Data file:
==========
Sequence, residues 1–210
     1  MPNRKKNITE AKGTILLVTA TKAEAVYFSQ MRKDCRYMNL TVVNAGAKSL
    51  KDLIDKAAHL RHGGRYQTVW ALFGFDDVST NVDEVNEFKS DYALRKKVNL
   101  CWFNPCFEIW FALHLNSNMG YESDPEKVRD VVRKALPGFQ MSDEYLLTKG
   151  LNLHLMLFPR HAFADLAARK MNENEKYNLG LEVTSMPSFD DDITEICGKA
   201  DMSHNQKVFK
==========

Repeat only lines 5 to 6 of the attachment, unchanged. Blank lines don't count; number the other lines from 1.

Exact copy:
   151  LNLHLMLFPR HAFADLAARK MNENEKYNLG LEVTSMPSFD DDITEICGKA
   201  DMSHNQKVFK